At the Turning Point — How Crypto Interacts with Real World Assets

Mattereum CEO Vinay Gupta’s Presentation to the London Blockchain Summit on 17th November 2022

Vinay Gupta
Mattereum - Humanizing the Singularity

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What I’m here to talk about is literally where’s the money. Here we are, we’re now 15 years into crypto, seven or eight years into Ethereum… There’s been an enormous amount of high fortunes made, fortunes lost, made, lost, made, lost, made, lost, made, lost, made, lost, made, lost…

And we could do a lot better, right? Getting out of this cycle of hype and destruction and hype and destruction and hype and destruction, and another bunch of awful, hideous, nonsense happens and a whole bunch of people go… We’ve seen this, and it seems to be never-ending, because it just turns out that deregulated finance is not really safe at any speed. It doesn’t mean it couldn’t be made to work, but we don’t have mechanisms, and as a result we’re stuck in this hell of cyclical boom and blowout. And that hell of cyclical boom and blowout, we have to escape that, if we’re going to turn this into a real industry, rather than something which is going to be like the butt TV show jokes in 20 years, like Friends.

We have an amazing transactional machinery, we can buy and sell anything on the blockchain

To escape this cyclical boom-bust cycle, we have to put fundamentally valuable assets in. We have an amazing transactional machinery, we can buy and sell anything on the blockchain, as long as it can be defined using some kind of digital record, and I mean anything. Things that you didn’t even think were property became property: pictures of imaginary moneys, publicly-tradable essentially stock in companies that only just began to exist, like you do an IPO off your original deck. Lots and lots and lots of things have been tried, where we’ve invented new classes of property, and then we’ve sold those new classes of property on chain.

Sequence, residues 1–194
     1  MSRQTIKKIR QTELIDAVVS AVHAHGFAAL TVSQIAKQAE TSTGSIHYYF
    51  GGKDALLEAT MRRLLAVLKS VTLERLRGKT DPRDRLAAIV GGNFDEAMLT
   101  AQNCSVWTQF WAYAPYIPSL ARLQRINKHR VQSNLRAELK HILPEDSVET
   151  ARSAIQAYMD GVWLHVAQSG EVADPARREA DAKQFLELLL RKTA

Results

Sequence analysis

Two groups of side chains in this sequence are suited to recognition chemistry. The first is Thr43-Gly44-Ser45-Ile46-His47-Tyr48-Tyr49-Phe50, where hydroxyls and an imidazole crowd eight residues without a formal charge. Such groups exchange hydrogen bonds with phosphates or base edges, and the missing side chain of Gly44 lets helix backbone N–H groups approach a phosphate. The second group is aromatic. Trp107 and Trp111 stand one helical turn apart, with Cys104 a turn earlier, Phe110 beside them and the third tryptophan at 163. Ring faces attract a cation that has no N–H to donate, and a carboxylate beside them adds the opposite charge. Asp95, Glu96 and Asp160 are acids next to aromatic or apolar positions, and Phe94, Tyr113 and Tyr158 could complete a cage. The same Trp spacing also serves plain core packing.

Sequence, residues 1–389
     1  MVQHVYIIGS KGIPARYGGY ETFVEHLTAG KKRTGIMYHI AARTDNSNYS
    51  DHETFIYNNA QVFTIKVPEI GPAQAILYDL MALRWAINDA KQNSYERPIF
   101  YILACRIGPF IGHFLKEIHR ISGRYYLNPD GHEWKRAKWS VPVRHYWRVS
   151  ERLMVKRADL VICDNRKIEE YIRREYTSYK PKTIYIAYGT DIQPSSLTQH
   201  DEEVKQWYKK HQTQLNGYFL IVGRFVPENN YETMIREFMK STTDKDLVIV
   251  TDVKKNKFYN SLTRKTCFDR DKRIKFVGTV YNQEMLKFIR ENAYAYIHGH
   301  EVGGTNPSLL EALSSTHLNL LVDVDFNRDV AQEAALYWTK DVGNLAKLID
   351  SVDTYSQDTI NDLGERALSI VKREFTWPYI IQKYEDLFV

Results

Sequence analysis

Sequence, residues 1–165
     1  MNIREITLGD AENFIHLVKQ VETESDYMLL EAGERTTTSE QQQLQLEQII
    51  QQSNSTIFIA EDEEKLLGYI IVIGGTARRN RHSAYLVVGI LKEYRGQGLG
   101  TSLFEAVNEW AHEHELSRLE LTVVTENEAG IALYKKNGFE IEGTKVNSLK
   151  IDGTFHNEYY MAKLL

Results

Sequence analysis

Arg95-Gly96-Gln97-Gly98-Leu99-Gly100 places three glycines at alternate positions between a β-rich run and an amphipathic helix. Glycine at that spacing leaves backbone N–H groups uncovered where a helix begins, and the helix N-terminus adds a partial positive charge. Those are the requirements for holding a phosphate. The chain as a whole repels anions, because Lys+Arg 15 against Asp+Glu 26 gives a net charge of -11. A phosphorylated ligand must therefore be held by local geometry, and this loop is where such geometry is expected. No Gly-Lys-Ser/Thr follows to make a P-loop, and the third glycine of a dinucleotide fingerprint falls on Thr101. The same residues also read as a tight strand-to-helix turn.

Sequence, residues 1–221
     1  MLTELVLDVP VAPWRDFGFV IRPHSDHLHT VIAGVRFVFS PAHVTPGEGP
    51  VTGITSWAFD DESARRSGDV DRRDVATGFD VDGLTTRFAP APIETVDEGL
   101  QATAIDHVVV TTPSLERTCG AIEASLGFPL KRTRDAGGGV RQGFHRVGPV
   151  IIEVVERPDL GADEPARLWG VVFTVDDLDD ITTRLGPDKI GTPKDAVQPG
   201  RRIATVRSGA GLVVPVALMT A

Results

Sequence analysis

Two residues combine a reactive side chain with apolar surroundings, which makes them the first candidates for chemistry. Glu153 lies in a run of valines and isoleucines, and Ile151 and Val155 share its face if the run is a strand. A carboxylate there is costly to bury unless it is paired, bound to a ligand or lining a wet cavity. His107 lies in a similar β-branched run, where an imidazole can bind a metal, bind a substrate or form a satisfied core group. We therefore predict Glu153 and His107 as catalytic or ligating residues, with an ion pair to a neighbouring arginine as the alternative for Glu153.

What I want to suggest is that the flaws of the blockchain industry are the flaws of the new classes of property that we’re trading, not flaws of the technology for trade. We have exchange infrastructure which is powerful enough to do anything, you can imagine a new asset class, you can turn it into a token, you can sell the tokens and the exchange infrastructure can carry it, but the problem is that most of these newly-invented kinds of property are crap. And as a result, you get a wave of enthusiasm where everybody is like “Oh, this new kind of property is amazing!” and then the new kind of property just implodes.

Separate out the fantastic technology we have for doing trade from the crappy assets which turn out to explode

What I’m suggesting is that at a strategic level we can separate out the fantastic technology we have for doing trade from the crappy assets which turn out to explode every time we look at them wrong. And hard assets like gold, real estate, other kinds of commercial assets loaded into the blockchain, with the existing transaction architectures that we have, I believe this is the future of the crypto industry, it’s the everything exchange. And all of the infrastructure that we’ve built, whether the stuff is non-fungible or fungible, whether it’s physical, atomic things, or whether it’s liquid assets like wheat or corn or whatever it happens to be… We have a global exchange infrastructure that’s capable of handling it, we have ways of minting the things, creating and managing them… We could build extremely transparent representations of value, where you can drill down digitally to see every last detail about something, and if this is what we do in the next round of activity in the crypto industry, that round might be the round that doesn’t bust. Because the collapse in these systems has not been a collapse triggered by the exchange infrastructure failing; it’s a collapse that’s been triggered by the assets failing.